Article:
Creating a Data Driven Culture of Thinking

Can a simple mathematical formula create a culture to drive improvement within the organization? Over the course of four articles, I think you’ll see that more predictable results and ongoing customer satisfaction can be obtained through critical thinking and data.
The formula, I am referring to is Y = f(x) + N.
It contains no magic but a great deal of power. For some, maybe a little anxiety if you didn’t like math class, but I promise it won’t hurt you! This formula is simply a combination of the right outputs, critical inputs and some amount of noise.
The customer determines the criteria of success. If you make their ongoing satisfaction your goal, you can ensure your success. Some customers communicate these criteria up front and consciously seek out the products and services that deliver, while others just know when the product or service feels right and are satisfied. It’s your job to determine what success looks like in the eyes of the customer.
The key to obtaining ongoing customer satisfaction is to proactively gather data on their criteria rather than waiting for the customer to tell you how things went. For example, if things go well at the end of the month, but you don’t understand why, how will that help you make sure next month also goes well? 
To quote Peter Senge, “The only sustainable competitive advantage is an organization's ability to learn faster than the competition.” This parallels what we’re trying to accomplish. If we had the required knowledge, we could be intentional with our decisions and focus on what we can control.
An important piece of Six Sigma training is teaching our minds to think differently. If it was just about the tools, every belt would be equally effective, but unfortunately that’s not what happens. You can’t solve a problem with the same type of thinking that created it. 
We must ask questions first and allow answers to follow.  We should be perceptive observers looking for signals where none may be expected and think critically about each situation to then evaluate potential sources of bias (I will expand on avoiding bias in a future article).  For now, let’s focus on the culture of thinking like Y=f(x) + N.
The formula is read as Y equals f of x, or Y is a function of x. This means that the output (Y) is predictable based on some number of inputs (x). An output is a measurable criterion of how the customer views value, and the inputs are things you can control in your process or product which affect that output. 
Knowing and understanding this equation allows us to get ahead of problems and leads to data driven decisions. Any form of guessing is a recipe for eventually being wrong. This is what I meant when I said success is ongoing customer satisfaction. If knowledge is power, then understanding what the outcome will be based on the active inputs can give us the power we need to stay ahead of any disasters. 
Think back to your last anxiety ridden emergency; if you really understood the y=f(x) of that situation ahead of time, maybe the situation could have gone differently. Sure, it’s interesting to talk about the knowledge you gained going through that experience and you’re smarter today than you were yesterday, but it would be far less painful if we had that understanding before the emergency and could have avoided it.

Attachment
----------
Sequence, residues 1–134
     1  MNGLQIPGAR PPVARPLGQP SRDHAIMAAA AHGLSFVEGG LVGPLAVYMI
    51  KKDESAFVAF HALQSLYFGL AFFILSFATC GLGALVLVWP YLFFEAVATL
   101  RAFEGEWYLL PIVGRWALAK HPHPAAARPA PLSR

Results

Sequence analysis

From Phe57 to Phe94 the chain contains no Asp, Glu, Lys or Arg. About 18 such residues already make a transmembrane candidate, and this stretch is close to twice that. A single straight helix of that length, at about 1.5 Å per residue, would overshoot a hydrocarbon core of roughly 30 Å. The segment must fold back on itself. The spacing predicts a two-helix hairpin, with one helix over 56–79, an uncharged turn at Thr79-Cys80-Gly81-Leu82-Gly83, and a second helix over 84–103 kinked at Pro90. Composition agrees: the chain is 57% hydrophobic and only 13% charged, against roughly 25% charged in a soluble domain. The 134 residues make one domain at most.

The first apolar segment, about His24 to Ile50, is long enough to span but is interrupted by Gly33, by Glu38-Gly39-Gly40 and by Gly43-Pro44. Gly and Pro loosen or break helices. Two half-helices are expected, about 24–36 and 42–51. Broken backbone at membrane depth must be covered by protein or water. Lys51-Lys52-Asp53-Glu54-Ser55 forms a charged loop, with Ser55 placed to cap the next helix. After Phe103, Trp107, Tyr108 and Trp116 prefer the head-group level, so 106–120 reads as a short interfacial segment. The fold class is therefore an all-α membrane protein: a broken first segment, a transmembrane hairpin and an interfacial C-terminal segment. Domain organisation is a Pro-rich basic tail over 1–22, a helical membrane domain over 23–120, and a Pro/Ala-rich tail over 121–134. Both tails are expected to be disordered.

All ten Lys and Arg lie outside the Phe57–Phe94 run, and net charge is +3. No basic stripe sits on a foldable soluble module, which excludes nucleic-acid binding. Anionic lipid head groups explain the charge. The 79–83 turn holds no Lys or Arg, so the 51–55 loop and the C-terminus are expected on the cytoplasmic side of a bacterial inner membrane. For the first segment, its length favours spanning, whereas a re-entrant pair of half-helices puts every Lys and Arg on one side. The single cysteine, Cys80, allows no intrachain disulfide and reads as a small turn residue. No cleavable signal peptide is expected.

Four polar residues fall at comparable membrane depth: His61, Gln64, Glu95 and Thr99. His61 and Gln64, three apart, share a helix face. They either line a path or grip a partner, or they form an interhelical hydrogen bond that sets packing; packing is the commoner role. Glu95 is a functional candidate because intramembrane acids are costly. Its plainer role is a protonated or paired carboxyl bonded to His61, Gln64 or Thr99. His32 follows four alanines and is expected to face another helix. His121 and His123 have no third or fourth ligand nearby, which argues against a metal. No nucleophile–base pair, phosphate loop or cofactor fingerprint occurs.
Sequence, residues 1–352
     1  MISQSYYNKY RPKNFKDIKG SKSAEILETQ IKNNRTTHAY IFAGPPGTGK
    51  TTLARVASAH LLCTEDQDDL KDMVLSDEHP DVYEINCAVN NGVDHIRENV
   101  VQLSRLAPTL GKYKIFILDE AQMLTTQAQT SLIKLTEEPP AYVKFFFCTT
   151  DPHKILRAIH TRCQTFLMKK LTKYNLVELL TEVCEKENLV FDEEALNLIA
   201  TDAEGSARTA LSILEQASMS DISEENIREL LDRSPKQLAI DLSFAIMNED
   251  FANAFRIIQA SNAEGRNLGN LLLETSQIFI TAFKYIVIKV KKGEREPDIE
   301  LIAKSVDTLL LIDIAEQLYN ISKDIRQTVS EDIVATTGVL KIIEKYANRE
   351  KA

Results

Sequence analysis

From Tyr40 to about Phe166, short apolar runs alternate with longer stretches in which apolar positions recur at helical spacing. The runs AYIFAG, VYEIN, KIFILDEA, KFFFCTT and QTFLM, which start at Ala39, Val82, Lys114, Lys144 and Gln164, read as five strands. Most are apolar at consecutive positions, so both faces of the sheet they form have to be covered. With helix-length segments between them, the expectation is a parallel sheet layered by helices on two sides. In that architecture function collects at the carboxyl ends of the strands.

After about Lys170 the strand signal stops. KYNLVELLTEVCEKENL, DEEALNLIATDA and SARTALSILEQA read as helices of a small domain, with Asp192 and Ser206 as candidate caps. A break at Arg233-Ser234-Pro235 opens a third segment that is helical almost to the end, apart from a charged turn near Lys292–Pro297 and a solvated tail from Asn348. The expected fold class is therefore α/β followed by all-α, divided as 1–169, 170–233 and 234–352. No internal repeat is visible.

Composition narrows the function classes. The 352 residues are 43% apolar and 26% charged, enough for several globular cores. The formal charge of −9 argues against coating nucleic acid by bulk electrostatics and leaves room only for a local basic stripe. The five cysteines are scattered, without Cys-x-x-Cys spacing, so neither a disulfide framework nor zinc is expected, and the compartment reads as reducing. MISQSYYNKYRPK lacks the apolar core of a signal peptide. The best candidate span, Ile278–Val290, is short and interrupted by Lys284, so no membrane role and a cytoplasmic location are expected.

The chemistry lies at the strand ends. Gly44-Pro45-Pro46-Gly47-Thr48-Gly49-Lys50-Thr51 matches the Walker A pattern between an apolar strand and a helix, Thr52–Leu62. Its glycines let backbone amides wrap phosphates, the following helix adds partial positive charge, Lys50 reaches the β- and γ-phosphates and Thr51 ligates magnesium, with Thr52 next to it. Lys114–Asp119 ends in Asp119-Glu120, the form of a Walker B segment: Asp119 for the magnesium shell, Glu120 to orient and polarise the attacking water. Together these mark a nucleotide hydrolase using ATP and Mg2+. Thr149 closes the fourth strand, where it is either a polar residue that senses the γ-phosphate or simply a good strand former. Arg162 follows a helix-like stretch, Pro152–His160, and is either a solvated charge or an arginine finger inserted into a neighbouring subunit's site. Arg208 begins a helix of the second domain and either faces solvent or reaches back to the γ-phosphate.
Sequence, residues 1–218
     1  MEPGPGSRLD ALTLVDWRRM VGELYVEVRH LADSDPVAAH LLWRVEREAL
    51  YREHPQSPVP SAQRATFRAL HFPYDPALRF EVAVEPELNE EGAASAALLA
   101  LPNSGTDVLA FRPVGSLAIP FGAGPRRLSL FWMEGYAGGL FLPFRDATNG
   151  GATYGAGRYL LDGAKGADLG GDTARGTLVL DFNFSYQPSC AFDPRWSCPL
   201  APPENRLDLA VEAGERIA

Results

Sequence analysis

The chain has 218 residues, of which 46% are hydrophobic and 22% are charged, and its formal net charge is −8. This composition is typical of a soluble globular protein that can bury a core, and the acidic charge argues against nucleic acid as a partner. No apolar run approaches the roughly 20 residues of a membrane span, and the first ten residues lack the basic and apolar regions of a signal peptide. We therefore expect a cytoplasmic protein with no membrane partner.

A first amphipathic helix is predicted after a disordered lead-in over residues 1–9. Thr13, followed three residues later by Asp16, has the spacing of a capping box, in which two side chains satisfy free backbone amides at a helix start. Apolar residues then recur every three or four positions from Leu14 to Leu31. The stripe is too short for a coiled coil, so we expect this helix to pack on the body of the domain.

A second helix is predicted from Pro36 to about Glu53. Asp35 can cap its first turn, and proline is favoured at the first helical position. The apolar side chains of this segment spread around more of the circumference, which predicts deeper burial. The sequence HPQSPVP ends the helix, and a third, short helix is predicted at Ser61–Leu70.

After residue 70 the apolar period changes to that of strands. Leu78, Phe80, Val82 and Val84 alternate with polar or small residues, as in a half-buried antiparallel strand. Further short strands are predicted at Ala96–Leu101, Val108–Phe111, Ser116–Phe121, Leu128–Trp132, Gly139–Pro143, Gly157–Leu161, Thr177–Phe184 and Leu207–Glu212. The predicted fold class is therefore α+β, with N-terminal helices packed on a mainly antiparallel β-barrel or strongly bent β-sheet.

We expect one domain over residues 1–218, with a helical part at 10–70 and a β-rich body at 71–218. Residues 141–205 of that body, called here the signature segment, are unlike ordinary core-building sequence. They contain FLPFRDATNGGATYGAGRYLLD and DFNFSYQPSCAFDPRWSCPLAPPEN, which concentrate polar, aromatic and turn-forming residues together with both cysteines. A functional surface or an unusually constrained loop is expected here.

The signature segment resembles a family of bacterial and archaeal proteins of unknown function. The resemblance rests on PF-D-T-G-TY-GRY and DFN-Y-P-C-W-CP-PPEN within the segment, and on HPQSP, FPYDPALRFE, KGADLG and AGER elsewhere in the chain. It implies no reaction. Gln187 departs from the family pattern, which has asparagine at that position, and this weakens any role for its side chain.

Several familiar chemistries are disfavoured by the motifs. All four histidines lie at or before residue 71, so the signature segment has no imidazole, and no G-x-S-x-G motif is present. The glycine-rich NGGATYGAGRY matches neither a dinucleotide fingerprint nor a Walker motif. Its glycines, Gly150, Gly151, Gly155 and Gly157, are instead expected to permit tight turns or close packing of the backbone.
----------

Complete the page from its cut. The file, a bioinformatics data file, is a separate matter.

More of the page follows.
Now, let’s not be naive, I’m not saying you can predict with 100% certainty what the outcome will be. That’s where the N of the equation comes in. This is the noise, error or random variation that also comes into play. As we all know, real life is noisy. However, we can maximize our chances of being right or at least set limits on the percentage of being wrong. Our job is to find the inputs we can control and determine the best settings, so the noise doesn’t matter. Of course, we’ll work to reduce the noise as much as possible, but that’s a different article.
In Six Sigma training we cover the tools required to efficiently study inputs in the presence of noise. But remember, it’s not just about the tools. Consider your mindset - how prescriptive are you approaching your challenges? Does it always feel like you are reacting to chaos and constantly making trade-off decisions from the hip?
I don’t want lady luck dictating my future and neither should you. Luckily (pun intended), we have better strategies. Watch for future articles where I will expand on each portion of this formula - the outcome, the inputs and the noise.
The Center’s courses combine proven problem-solving methods with powerful statistical tools to construct a reliable roadmap to improve business operations. Learn more about the Six Sigma courses we offer here.
MEET OUR EXPERT: Anthony Welsh, Six Sigma Master Black Belt
Anthony-Welsh-Web.jpgAnthony Welsh is a Six Sigma Master Black Belt with 20 years of experience delivering projects to both the automotive and consumer products industries. In his role at The Center, Anthony shares expert tools in critical thinking and data-driven decision making to assist clients with using Six Sigma methods to achieve real results.


Since 1991, the Michigan Manufacturing Technology Center has assisted Michigan’s small and medium-sized businesses to successfully compete and grow. Through personalized services designed to meet the needs of clients, we develop more effective business leaders, drive product and process innovation, promote company-wide operational excellence and foster creative strategies for business growth and greater profitability. Find us at

Categories: Six Sigma